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My printmaking class is going very well, this is my third semester and although I have produced only a few prints I can claim  to like,  I am learning a lot. Thankfully my anxiety that my professor did not like me or my work has proven to be  due to ridiculous insecurity. He has proven to be very helpful and supportive of my work in spite of our aesthetic differences. I look forward to afternoons spent at the press in spite of the oppressive California heat- apparently printmaking studios do not warrant air conditioning.

The following image  is the final version of my first dry point exercise . Again, I see flaws but I now know how to better handle the technique , next I plan to combine drypoint with aquatint. 

IMG_4118Temptation of St Anthony

drypoint intaglio print

Well that is it for this evening , have a lovely weekend and to my fellow Landsmen, L’Shana Tovah!

Take care,

Lg

El Demonio Azul y el Toro

Just finished a new painting and I had the audacity to give it  a name in Spanish; if I screwed up blame it on Rosetta Stone.

So here it is : The Blue Devil and the Bull.

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El Demonio Azul y el Toro

oil on canvas

16 by 20 inches

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detail of blue devil

This is a small painting, I was  playing about with visual language, notably how to treat a body of water. Still playing with barren environments and themes of loneliness and isolation. Living in the desert is a rich resource for that sort of mood. I have a few more small paintings nearing completion which I hope to post shortly. Also noodling within my head  with what may be another very large painting. Perhaps one more large canvas before I leave this desert for good…

Have a happy Labor Day,

take care, namaste,

Lg

This just popped up on my Facebook feed, couldn’t help but to post it; yet another subliminal influence.

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Ariadne’s Thread

The latest in my ongoing fascination with the Minotaur/Theseus theme…

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Ariadne’s Thread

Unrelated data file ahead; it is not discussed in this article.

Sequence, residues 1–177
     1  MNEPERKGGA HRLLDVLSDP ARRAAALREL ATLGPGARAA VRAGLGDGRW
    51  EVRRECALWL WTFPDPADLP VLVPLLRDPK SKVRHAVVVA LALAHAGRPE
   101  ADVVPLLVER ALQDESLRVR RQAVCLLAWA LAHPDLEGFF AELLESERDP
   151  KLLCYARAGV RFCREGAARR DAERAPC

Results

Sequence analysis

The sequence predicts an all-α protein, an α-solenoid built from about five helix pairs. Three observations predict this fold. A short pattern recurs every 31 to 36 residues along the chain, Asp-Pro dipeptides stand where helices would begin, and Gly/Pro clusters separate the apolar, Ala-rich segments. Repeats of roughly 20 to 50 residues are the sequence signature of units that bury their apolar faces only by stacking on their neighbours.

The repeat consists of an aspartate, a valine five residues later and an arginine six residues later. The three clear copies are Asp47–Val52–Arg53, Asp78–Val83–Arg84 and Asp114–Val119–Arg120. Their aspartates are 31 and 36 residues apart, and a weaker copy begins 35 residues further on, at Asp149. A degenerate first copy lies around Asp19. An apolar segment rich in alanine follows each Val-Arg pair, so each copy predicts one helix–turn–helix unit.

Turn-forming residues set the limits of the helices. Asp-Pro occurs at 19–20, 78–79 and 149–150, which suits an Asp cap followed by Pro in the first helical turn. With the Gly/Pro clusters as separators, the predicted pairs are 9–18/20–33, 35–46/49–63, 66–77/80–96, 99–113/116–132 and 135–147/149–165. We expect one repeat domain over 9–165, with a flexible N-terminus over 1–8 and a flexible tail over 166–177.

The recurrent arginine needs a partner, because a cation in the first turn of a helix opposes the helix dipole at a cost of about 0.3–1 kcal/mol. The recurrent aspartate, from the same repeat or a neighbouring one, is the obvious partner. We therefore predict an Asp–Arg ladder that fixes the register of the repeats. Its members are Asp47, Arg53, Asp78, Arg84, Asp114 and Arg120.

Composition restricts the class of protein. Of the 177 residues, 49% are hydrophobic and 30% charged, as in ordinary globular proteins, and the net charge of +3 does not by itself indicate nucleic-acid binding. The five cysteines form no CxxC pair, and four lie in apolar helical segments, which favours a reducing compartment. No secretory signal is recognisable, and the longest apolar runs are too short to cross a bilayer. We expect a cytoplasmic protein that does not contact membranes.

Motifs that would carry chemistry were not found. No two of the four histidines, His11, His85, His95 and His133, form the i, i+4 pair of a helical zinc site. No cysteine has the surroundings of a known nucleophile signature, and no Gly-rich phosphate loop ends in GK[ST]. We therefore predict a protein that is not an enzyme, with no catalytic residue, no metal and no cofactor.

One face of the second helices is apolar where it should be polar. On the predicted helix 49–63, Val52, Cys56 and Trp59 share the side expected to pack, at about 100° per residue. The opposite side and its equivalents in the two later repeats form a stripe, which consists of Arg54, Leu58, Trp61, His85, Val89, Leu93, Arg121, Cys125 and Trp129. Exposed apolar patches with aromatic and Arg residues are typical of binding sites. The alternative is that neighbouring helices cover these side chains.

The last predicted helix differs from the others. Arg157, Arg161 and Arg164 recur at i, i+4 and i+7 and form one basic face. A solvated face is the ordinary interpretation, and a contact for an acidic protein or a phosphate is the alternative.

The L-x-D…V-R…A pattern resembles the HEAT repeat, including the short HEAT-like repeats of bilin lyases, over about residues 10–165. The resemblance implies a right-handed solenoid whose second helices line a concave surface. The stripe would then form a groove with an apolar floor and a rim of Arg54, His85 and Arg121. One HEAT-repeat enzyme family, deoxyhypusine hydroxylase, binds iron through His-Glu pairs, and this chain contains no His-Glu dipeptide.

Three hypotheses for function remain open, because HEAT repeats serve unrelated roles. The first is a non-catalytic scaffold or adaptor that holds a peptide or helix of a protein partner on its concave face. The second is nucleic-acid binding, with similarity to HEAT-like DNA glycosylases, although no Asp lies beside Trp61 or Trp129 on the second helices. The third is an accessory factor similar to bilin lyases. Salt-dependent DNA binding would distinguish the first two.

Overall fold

watercolor on paper

11 by 18 inches

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detail of yet another randy blue demon, the Minotaur

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detail of Theseus

that’s it for now, heading back to oils for the remainder of the week and on Tuesday back to printmaking, the semester begins!

Until next time, take care,

LG

Out of the Hermitage :the completion of the Temptation of St.Anthony of the Desert

At long last I have finished my painting of The Temptation of St. Anthony of the Desert. I have some shading to tend to, a few details that need enhancing, but for now, I’m out of the Hermitage.

2The Temptation of St.Anthony of the Desert

oil on canvas

36 by 52 inches

2013

It is satisfying to have chronicled the painting from the first roughing out until completion. I haven’t posted play-by-play images, as that would be dull as dishwater given the progress I made, but I have stashed them in my library.

3scrubbling in, first day

Given that I may very well be the worst photographer ever, I am going to post individual images of details.

4Randy Blue Fauns

1

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Fury/Siren

6

Bearded Siren

4

Albino Boy

7

The abbot, an attempt at self portraiture, not sure if it is successful or not.

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A detail of my trusted mechanical pencil; the bane of every art instructor I have had. There is a serious resistance to mechanical pencils amongst the art establishment. I developed a fondness for precision instruments when  I worked in interior design. Habits fall off slowly.

The “L” is not a signature but a reference to 50, my age right now.  A memento mori.

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Bearded Prickly Man

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Iguana Boy

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A wee little red devil who unfortunately doesn’t photograph well.

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source

In finishing this painting there is a personal symbolic value, I think i’m ready to start venturing out of my own hermitage. I have for the last year been squirreled up with my dogs, my paint, and my thoughts. Essentially a recluse. As I gear up towards moving to a vital city, attending a school that is both exciting and intimidating , I’m finding myself more and more venturing forth. A small step in tackling my anxieties is taking a yoga class with my sister-in-law this afternoon; silly how intimidating that feels, but I’m going forward. Wish me luck.